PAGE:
TRADE VIEW

Business in the time of regional trade agreements

Intraregional commerce pacts are nearly ubiquitous now, but other forces can be more potent drivers of growth.

For the past three decades, regional trade agreements (RTAs) have had quite a growth spurt. As of January, the World Trade Organisation (WTO) had received 446 notifications of RTAs regarding goods and services, 259 of which are currently in effect. The growth of RTAs is part of the reason why the whole notion of globalisation is being widely reconsidered - but their impact on businesses will likely be mixed.

“The whole concept of a globalised world is being reassessed from a risk perspective,” says Carol Fox, Director, Strategic and Enterprise Risk Practice, Risk and Insurance Management Society (RIMS).

Despite impressive growth numbers, RTAs are not universally embraced. According to the Organisation for Economic Co-operation and Development (OECD), regionalism in trade leads to a patchwork effect between members and non-members within the region concerned, and can raise transaction costs as a result. There is also a point of view that RTAs undercut Bretton Woods-inspired open markets and world financial order.

From the WTO’s perspective, the adoption of RTAs requires careful consideration, at the very least. “In some cases [RTA] negotiations are between parties that account for very substantial shares of world trade and GDP,” says WTO Director-General Roberto Carvalho de Azevêdo. “And often these initiatives exclude the smallest and most vulnerable countries, and do not fully address the gains from trade that can be obtained through global value chains. Therefore, while we welcome RTAs, we cannot ignore their obvious limitations or the need to avoid harmful effects to third parties.”

When the value chain generated by a city-state reaches a certain size, borders begin to disappear through regional cooperation and adaptation. - Diederik van Wassenaer, Global Head of Network, ING Commercial Banking


Reality of RTAs for businesses
The growth of RTAs is, of course, driven by the belief that they will stimulate development and growth among the participating countries. With access to larger markets, for example, the volume of production can be stepped up, reducing costs and improving the international competitiveness of member countries over non-members. And, in theory, when countries are linked by RTAs, it becomes easier to pursue joint projects affecting several nations (think infrastructure), which can boost economic development.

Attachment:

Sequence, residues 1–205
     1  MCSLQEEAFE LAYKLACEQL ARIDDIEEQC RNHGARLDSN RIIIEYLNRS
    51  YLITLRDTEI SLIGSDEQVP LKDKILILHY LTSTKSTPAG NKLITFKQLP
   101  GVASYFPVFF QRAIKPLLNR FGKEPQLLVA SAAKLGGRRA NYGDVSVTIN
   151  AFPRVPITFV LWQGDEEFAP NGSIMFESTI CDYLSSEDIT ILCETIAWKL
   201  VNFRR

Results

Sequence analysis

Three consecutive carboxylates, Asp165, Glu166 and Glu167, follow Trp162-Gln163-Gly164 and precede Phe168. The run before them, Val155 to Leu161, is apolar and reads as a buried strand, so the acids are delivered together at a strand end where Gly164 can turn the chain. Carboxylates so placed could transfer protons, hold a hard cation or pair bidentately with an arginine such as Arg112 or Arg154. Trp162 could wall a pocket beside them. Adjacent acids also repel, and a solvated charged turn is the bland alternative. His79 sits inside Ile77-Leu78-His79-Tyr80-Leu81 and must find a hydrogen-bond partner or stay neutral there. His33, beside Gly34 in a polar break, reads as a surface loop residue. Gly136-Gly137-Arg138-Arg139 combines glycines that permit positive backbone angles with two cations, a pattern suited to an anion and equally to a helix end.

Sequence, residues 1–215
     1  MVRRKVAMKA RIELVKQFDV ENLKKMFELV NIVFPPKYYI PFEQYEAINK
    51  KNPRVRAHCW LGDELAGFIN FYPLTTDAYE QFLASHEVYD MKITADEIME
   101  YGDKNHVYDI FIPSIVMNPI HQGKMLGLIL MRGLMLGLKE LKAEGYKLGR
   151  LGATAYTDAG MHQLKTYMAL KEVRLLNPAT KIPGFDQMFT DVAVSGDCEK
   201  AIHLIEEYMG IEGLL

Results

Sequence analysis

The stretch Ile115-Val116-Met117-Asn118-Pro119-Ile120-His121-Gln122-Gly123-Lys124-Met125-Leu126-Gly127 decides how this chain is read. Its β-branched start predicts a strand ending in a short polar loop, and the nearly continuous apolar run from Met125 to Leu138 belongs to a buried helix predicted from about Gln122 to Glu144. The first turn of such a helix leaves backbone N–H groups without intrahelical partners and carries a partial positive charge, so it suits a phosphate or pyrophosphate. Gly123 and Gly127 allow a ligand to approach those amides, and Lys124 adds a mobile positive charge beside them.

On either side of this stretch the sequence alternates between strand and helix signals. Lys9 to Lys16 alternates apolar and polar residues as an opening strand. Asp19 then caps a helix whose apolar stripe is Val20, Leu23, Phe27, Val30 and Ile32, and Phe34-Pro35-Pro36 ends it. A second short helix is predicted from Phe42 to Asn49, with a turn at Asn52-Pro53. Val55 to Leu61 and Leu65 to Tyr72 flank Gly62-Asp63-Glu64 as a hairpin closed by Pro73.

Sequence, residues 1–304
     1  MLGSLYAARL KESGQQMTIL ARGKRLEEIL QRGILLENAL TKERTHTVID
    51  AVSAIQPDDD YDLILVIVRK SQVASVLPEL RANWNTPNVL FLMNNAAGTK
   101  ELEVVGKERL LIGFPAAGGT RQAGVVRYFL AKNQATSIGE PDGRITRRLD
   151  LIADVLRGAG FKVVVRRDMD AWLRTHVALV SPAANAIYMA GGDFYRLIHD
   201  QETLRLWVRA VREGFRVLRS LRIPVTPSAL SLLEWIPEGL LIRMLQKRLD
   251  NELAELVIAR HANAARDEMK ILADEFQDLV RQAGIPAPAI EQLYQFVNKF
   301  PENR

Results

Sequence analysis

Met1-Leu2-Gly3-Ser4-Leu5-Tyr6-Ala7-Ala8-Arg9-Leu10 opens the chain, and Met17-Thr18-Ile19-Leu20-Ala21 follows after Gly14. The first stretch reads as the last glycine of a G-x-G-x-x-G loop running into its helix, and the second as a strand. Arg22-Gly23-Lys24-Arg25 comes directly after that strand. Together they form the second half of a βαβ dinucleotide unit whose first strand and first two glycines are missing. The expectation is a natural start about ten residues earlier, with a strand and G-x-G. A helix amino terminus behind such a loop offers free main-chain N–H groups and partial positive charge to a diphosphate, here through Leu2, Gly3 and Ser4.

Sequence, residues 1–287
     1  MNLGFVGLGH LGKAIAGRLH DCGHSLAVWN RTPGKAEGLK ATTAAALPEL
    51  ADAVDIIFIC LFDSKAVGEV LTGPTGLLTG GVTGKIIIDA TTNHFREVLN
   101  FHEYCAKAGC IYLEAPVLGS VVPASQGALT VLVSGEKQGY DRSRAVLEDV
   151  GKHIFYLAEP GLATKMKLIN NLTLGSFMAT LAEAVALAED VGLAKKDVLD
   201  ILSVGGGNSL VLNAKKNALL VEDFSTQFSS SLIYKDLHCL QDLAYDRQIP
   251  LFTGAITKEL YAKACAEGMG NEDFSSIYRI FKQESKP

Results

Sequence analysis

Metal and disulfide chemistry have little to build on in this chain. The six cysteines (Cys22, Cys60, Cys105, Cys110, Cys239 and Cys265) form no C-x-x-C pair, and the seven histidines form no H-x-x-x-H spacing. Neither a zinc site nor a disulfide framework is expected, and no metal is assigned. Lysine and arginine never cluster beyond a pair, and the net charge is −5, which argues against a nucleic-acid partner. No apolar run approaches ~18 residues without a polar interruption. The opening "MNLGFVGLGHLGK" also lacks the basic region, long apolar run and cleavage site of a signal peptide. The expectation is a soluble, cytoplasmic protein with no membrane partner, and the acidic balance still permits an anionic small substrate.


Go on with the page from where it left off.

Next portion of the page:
RTAs, however, don’t exist in a vacuum, and the signing of an agreement doesn’t create the instant harmony that a region needs to act as a single entity. “In many of the places where RTAs exist, there is a history of complex underlying tensions,” says Diederik van Wassenaer, Global Head of Network, ING Commercial Banking. “Differences in beliefs, tensions over debt, political disagreements—these tensions can undermine the effectiveness of any agreement, so they benefit some countries more than others.”

To van Wassenaer, trade is a reflection of the rapidly evolving world we live in, and trade agreements and governments are hard-pressed to maintain pace. “The world is a smaller place to do business today than it ever has been,” he says. “It’s less expensive to fly today than it was 40 years ago, and you can fly around the world in 24 hours. You can communicate instantly, and get yourself anywhere rather quickly. As a result, events move faster than any attempt at regulation can keep up with—and you’ll see this in trade flows, as well. Trade agreements protect and regulate trade flows, but trade will proceed around and over them. Things move too fast for it to be otherwise.”

 
True drivers of regional growth
Whatever potential impact RTAs have on redefining or moving away from globalisation toward “hubonomics,” van Wassenaer sees the growth of city-states as having tremendous potential to break down trade barriers, because they are where the value chain is enriched. “The economics that emerge from huge city-states and grow outward have a dynamic of their own,” he says. “Logistics and quality are necessary to produce goods that people want to consume, and cities are where the critical mass for production and consumption occurs. And as city-states grow, things around them become better organized, such as agriculture. Over time, where most people were once struggling to survive, many become enabled to spend money on more things to live. When the value chain generated by a city-state reaches a certain size, borders begin to disappear through regional cooperation and adaptation.”

Companies seeking to take advantage of the emergence of such vibrant cities can consider a hub-based strategy that provides a variety of shared resources and services to local operations. So, for example, while it might be difficult to justify the expense of certain widgets needed by one hub, an interconnected network of hubs sharing resources and knowledge can create efficiencies and economies of scale. Many businesses that are considered successful global enterprises adopted a hub approach to business long ago because they realised that geographic and other distinctions were not erased by the rise of globalisation. If anything, regionally focused strategies, in unison with local and global networks, can significantly boost a company’s performance.

 

(This article is produced in cooperation with Bloomberg Custom Content.)

 

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The View is the online magazine of ING Wholesale Banking